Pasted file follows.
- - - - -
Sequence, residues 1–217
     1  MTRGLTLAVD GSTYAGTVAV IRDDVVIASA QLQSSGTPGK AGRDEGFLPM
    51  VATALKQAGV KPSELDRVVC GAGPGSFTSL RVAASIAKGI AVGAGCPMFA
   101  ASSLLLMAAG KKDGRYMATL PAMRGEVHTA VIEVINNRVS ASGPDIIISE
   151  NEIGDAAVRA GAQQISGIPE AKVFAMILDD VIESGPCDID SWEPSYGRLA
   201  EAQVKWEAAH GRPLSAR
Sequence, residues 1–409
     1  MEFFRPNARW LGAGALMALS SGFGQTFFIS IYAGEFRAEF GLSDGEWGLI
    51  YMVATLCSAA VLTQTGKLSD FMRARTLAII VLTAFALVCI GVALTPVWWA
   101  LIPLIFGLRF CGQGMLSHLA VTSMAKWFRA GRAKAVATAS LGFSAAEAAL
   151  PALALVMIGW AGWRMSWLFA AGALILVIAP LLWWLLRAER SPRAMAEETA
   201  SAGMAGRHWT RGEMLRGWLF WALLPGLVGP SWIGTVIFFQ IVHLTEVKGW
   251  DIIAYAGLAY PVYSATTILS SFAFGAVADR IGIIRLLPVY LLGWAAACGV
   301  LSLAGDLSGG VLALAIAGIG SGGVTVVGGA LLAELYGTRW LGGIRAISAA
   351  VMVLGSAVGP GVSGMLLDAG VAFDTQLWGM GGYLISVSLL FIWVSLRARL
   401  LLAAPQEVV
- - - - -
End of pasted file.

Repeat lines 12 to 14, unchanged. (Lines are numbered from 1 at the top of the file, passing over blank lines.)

   201  SAGMAGRHWT RGEMLRGWLF WALLPGLVGP SWIGTVIFFQ IVHLTEVKGW
   251  DIIAYAGLAY PVYSATTILS SFAFGAVADR IGIIRLLPVY LLGWAAACGV
   301  LSLAGDLSGG VLALAIAGIG SGGVTVVGGA LLAELYGTRW LGGIRAISAA